Ghosts of Easter

Maybe it’s a good thing I didn’t feel the urgency to write about Sunday’s “Mad Men” finale right away — it means I won’t go crazy with waiting for the next season to begin, right? (Probably not; my must-see TV has just become “The Daily Show” and… that’s it.)

I can say with certainty that episode was not what I expected. I know many were disappointed by the pace, and I think I was one of them. I’m still not sure. I don’t think every single episode should have characters who commit suicide or prostitute themselves for new accounts, but the whole thing, on first viewing, felt like a dud to me. This show has episodes that sneak up on me on second or third viewings, so maybe this will be one. I heard it described as an epilogue, and that seems accurate.

I’ll get my gripes out of the way first. If I had a wish list:

  • MORE PEGGY. (Caps-lock intentional.) The theater scene was sweet, but the Peggy subplot feels to me, still, like the abrupt abandonment of a main character. I’m always concerned — at work, in my personal life, in society — with equitable allocations of resources. The last episode had way too much Glen time; this one had too much everything else time. Probably Megan. Not that those story lines aren’t important, but I feel there’s a tendency to linger on them, when lingering isn’t really necessary.

That’s not to say I’m not on board with Peggy’s decision to leave and grow in a new place; I am. In that sense, abruptness was a benefit to the storyline. As much as we saw the hints this season, we felt as blindsided as Don did by her decision. Beyond that, though, Peggy’s growth has been absolutely fascinating to watch, and I’m fairly certain her growth didn’t stop as soon as she stepped on the elevator at SCDP that last time. We had a glimpse, one small glimpse, of a new grown-up Peggy in a red power suit, and it’d better not be the last we see of Peggy in her new office.

  • Less obviousness. I thought the scene at the hospital where Pete visits his mistress was nicely acted, but too much exposition. This show has always been good about showing, not telling, but I think this season that’s changed a bit. What saved the scene for me was how nicely it was written and how well Vincent Kartheiser and… that Gilmore Girl performed it. (I’m too lazy to look up her name, but I think she is one of the most beautiful people in the history of people. No wonder he’s smitten.) Pete Campbell — what a year! On that note, electroshock therapy. Really? I know it was being done, but anytime a show, a book, or a movie resorts to amnesia subplots, I jump ship. Lazy writer’s way out.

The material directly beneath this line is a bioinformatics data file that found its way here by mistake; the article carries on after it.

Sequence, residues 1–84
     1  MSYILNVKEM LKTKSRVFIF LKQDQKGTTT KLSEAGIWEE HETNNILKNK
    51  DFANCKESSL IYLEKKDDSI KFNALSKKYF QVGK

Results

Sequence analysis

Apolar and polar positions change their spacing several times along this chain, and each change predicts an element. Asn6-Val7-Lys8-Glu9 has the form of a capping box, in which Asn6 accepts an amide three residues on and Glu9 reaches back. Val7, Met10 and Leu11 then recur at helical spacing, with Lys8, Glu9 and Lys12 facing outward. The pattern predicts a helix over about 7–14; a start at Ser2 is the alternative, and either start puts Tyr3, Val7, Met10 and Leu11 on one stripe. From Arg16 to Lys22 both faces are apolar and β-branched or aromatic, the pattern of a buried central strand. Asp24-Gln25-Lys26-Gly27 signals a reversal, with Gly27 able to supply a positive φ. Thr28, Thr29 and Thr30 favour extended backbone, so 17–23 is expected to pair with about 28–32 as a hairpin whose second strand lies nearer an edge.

• Fewer Adam sightings, or at least more subtlety with them. The first few were affecting; the last, at the dentist’s office, just seemed too weird. Or maybe it just didn’t move me because the show already has gone down this road of Don’s visions before. No new ground.

All in all, though, I disagree with the “nothing happened this episode” comments I’ve heard thrown around on Twitter. A lot of setup happened, maybe too much. “Change isn’t good or bad; it just is,” Don said once, but how much change can one man handle? How much guilt? “You had no right to fill a man like that with ambition,” Lane’s widow tells him. We don’t get any indication beyond the unintelligible Adam Whitman sightings that her words are having any effect.

As with most things on this show, I suppose the lack of exploration is intentional, and we’ll be paid off for our patience next season. Maybe it’s meant to show that Don has shoved the recent events into the deep recesses of his mind where he shoves all bad things — toothache, anyone — but how long will that tactic work for him? We have Joan’s stiff upper lip quivering until she finally breaks down for a minute in Don’s office, but really, I hoped for more this episode about how Lane’s associates are dealing with this.

One thing did clarify for me during this episode: Roger Sterling is too much a hedonist to leave this earthly life behind willingly. (I was among those worried last season that Lucky Strike, midlife crisis, etc. would prove too much for ol’ Rog, and he’d take a dive off SCDP’s tall tower.) When he lures Megan’s mom to his hotel room, he comments about suicide: “You’d have to be so sure you were going someplace better. I think that place is here.”

I don’t have any speculation about what the (beautifully shot) closing scene of Don leaving Megan’s shoot and winding up in a bar filled with beautiful women means, but I’m looking forward to Season 6. Overall, I thought this season was fantastic, but I’ll admit I’d love if the next season was a little lighter. I’d love to be able to sleep again on Sunday nights!

Disagree with me in the comments, and if you want recaps that are always better than mine, I highly recommend NY Magazine’s Vulture blog.

Edited to add: I would be remiss if I did not mention how much I enjoyed the closing song — and Roger’s trip. 🙂


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